ByTyler Robertson, writer at
Lover of movies and anything else that entertains. I was a C student in high school, so here I am.
Tyler Robertson

"Triple 9" is directed by John Hillcoat and it stars the enormous cast of Casey Affleck, Chiwetel Ejiofor, Aaron Paul, Anthony Mackie, Norman Reedus, Clifton Collins Jr., Woody Harrelson, Kate Winslet, Michael K. Williams, Teresa Palmer, and Gal Gadot. The plot is that a group of both criminals and corrupt cops are being blackmailed by the Russian Mob into performing a heist which involves a 999 incident which is essentially an Officer Down scenario. As expected, things don't go exactly as planned and what follows is a movie that has a lot going on, but it doesn't fully live up to all of its potential.

This movie has a huge cast of very talented actors and for the most part, all of them did a good job in their roles. Casey Affleck is pretty much the main character and he was able to anchor down the role of a rookie cop who's right in the middle of this group of criminals and their plan. The likes of Anthony Mackie and Chiwetel Ejiofor are also really good in playing much more dark and grounded characters than they're use to, and Aaron Paul also manages to give a strong performance even if it's somewhat reminiscent of the Jesse Pinkman mold he's trying to break. The two performances that I found to be a bit questionable, however were surprisingly from veteran actors Woody Harrelson and Kate Winslet. Harrelson's character felt like a cartoon more than anything else in the movie and it's more of a knock towards the writing, but I can't deny that his performance did come off like he was overreaching in some points. Winslet is almost unrecognizable in her role, but what doesn't bode so well is the awful accent she has. In all honesty, she looked completely bored in this movie, but I won't go too hard on her since most of the other performances were very strong and made up for her and Harrelson.

As far as the heist aspect goes, this movie's first half is actually fairly good and I liked how it was all playing out. The planning of the heist and the build up was good, seeing all of the cast get together and interact was interesting, and even the heist itself was an intense scene that had moments of well filmed action and even suspenseful sequences that belong in a movie like this. If for nothing else, the first half of this movie is worth watching given everything that goes on and all that's built up, but there comes a point in the middle of the movie where it feels like a new writer took over for the second half and what results is a paint-by-numbers, sloppily written heist drama.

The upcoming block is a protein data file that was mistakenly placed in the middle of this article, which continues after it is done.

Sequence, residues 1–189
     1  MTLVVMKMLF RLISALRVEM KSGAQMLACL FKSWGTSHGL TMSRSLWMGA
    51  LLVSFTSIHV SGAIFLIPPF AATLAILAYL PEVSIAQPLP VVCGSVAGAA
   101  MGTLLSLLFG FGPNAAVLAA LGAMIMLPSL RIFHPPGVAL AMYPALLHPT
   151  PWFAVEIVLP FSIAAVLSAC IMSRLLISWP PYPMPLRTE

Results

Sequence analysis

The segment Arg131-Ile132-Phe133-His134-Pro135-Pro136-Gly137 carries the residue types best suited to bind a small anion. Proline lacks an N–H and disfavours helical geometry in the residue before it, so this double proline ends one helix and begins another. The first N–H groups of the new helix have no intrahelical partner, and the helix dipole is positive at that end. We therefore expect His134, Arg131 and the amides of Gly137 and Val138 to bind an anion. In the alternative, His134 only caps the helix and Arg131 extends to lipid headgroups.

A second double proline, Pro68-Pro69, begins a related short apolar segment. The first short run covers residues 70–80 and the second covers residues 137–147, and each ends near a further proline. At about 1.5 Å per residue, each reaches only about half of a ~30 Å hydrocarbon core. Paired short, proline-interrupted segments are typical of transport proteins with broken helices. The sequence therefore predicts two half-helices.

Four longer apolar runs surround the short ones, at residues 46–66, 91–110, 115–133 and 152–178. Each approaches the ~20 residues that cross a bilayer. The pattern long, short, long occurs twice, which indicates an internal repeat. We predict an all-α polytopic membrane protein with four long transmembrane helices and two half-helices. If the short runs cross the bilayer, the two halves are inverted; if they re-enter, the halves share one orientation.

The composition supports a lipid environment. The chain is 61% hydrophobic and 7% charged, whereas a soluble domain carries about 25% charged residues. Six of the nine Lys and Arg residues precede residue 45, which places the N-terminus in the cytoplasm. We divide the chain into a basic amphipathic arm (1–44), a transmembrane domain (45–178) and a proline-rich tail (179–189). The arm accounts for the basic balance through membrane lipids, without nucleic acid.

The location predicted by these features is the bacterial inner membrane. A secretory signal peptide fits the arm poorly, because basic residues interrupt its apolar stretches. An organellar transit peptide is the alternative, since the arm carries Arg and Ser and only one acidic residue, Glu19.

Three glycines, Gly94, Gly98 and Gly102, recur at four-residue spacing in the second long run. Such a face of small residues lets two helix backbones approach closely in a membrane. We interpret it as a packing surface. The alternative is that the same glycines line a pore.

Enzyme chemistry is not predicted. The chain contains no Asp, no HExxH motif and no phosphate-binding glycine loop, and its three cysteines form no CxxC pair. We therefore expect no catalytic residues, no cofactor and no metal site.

What makes the second half so sloppy is that with every twist and turn in the story, you either see the "surprises" coming a mile away, or the twist is too confusing and you spend way too much time thinking on how it makes sense and where it fits into the context of previously established ideas in the movie. It's bad enough when just one predictable plot twist doesn't make any sense, but when you have twist after twist thrown into the movie for the sake of the writer trying to be clever, that's when you need to assess just how bad the movie's writing is. In this case, the writing made this movie way more convoluted than it needed to be .

Another problem with how this movie plays out in the second half is once again in the writing, but this time it has more to do with characters than twists and turns. Some of the characters were a bit cartoony to begin with, but now we have characters who makes decisions that are borderline Lloyd Christmas levels of idiotic. These criminals and dirty cops are portrayed in the first half as legitimate, hardcore, and professional robbers who are capable of dealing with any situation, but once again the second half rears its ugly head and has the characters making dumb decisions because the script says so. No spoilers here, but look at the decision making in this movie as such: Think of a scenario in which you've either just found out someone is coming to kill you, or you've been double-crossed. Now think of the worst possible solution to said problems. Yeah, that solution is pretty much implemented in this movie and it's embarrassing to watch.

"Triple 9" is a well acted movie that starts out strong in its first half, but the second half kicks in and all of the potential gets flushed down the cinematic toilet for a basic story of revenge and double-crossing that gets more and more convoluted with each passing plot twist. This film truly feels like two different movies and I personally can't send you out to see it if you want a cohesive narrative. You want to see a cool heist with some entertaining action set pieces? Go right ahead, but this movie doesn't finish off with anything more than that.

Rating: Rental


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